During my first few years living away from Canada, I'd often joke about how I moved to Australia to escape my family. And there's some truth to it.
My family is broken beyond repair. My parents divorced when I was four and my entire childhood was one hateful comment, family feud or disconnect after another. Lots of he said, she said; not just between my parents, between my siblings too.
Today, I'm estranged from several family members – mostly by choice. The distance between our hearts and minds is greater than the distance between our homes.
I've given up hope of ever being one big happy family because in truth, we've never been that. There were no all-inclusive family holidays. Weddings weren't as important as keeping the conflict alive. Even a sister’s death couldn’t bring us together. We buried her but we didn't bury the hatchet.
I've given up hope of ever being one big happy family because in truth, we've never been that.
In a family of seven children, estrangement can be complex, confusing and uncomfortable for everyone. Sometimes, I wonder why we just can't get along.
“I dare say that there wouldn't be a family that doesn't have estrangement somewhere in it,” says Kylie Agllias, social work researcher and author of Family Estrangement: A Matter of Perspective.
Agllias, conjoint lecturer at the University of Newcastle, has spent more than 10 years researching estrangement. She says the latest research suggests that one-in-12 people are estranged from at least one family member: Agllias explains it's a hard statistic to pin down because the subject is often not talked about.
“Society looks negatively on people who are estranged and often blames them for their estranged status,” she says.
I've certainly had to endure tut-tuts, sneers and sad looks when I tell people that I don't talk to my parents regularly or that I don't speak to some of my siblings at all.
While talking to Agllias, she asks me if the focus of this article is on the estranger or the estrangee. “Both, I guess. I am both; many of my family members are both; it’s a huge problem. It’s like we use it as punishment,” I reply.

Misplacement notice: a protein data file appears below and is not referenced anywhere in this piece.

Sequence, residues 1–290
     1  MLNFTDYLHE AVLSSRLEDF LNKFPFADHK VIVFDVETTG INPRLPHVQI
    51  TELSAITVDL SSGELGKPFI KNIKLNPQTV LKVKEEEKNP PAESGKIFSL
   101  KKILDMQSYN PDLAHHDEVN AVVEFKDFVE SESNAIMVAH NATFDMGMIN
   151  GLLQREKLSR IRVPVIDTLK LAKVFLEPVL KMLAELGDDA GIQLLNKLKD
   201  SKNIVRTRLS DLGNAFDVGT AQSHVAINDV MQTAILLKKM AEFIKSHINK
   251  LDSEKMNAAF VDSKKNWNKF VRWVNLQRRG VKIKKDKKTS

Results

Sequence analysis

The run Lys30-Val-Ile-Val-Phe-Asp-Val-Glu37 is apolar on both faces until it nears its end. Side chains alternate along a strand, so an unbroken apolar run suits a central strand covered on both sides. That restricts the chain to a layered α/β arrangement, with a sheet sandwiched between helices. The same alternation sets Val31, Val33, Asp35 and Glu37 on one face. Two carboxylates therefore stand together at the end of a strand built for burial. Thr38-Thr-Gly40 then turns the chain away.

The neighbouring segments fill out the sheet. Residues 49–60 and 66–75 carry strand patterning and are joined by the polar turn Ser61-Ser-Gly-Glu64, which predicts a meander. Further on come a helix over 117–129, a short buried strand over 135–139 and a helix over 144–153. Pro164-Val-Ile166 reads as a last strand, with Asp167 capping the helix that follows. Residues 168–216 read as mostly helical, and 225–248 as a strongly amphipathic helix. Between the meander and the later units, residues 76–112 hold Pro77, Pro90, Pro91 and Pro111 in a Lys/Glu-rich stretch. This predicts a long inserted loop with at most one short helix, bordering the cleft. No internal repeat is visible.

I am the one who cut ties with two of my siblings, which makes me the 'estranger'. It was my choice and I've stood by that choice even after attempts at a reconciliation.
It was not my choice when a niece suddenly and sharply decided she didn't want me in her life (after being close), so I became the 'estrangee'. That was 17 years ago and those scars run deep.
Last year, a sister unfriended and blocked me from Facebook after I said a few things she obviously didn't like. There was no discussion, no communication at all – she just cut me out. I'm okay with that. I don't need that kind of drama in my life.
“Estrangement isn't always bad. Some people achieve growth and healing from an estrangement.”
Estrangement's ambiguous and disenfranchised nature stirs up mixed emotions that don't go away easily. Agllias says estrangement can be extremely distressing for some people.
“If you're the one who's been cut off, it's more about learning to live with the other's choice and learning to live with yourself while in an estranged state.
“Both parties report loss after estrangement, and it generally takes time to negotiate a new and satisfying life without the other person,” she says.
I've lived in a dysfunctional family my entire life so it's all I know. Does it bother me? Yes. Am I responsible for my estranged relationships? Absolutely. Do I want repair them? No.
Some relationships, whether they're family or not, cannot be mended.
“Estrangement isn't always bad. Some people achieve growth and healing from an estrangement,” says Agllias.
Living in Australia has physically distanced me from the family drama but emotionally, it will always be close.